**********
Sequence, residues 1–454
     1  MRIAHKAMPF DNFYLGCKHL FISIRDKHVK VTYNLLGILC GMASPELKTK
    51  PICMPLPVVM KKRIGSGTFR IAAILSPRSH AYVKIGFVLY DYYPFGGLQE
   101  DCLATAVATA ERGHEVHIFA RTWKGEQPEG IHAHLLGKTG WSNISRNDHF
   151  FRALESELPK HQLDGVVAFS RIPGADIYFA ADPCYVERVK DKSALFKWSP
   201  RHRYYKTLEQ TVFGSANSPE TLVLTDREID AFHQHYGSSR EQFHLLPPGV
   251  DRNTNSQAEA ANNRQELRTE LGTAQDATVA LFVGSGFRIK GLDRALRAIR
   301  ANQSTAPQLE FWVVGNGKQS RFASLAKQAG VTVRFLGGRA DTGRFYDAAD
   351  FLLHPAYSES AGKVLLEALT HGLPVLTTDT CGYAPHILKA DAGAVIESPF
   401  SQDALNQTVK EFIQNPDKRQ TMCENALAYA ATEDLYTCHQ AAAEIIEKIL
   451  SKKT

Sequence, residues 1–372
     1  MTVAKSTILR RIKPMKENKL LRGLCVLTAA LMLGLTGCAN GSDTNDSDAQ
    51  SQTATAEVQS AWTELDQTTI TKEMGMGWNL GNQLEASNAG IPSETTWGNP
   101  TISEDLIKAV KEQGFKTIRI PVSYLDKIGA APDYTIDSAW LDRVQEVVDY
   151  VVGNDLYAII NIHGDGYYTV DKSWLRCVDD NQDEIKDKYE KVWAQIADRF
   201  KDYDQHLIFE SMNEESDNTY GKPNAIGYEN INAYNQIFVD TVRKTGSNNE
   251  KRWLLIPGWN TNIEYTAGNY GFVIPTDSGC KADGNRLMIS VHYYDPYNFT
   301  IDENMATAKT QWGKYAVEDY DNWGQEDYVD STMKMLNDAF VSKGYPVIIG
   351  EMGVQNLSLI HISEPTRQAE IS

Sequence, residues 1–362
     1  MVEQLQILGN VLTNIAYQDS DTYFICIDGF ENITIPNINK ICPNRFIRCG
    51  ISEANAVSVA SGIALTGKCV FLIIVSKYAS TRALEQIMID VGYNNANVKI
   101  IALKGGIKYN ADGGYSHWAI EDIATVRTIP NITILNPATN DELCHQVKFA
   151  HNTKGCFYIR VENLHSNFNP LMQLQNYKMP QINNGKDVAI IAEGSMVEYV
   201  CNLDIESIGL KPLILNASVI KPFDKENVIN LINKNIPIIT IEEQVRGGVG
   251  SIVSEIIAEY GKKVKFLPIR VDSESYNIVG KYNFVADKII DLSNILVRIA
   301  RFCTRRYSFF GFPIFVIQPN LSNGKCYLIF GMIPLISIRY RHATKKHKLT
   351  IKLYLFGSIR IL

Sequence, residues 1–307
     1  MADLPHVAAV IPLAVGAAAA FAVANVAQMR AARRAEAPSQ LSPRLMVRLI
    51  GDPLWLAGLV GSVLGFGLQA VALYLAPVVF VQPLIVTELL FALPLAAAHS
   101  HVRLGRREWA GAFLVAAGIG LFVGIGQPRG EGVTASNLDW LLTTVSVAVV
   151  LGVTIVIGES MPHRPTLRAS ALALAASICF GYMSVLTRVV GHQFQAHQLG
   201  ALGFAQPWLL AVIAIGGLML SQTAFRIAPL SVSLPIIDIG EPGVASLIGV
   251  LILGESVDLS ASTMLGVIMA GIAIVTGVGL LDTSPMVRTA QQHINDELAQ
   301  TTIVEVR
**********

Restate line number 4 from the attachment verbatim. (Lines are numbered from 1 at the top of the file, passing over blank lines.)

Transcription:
   101  DCLATAVATA ERGHEVHIFA RTWKGEQPEG IHAHLLGKTG WSNISRNDHF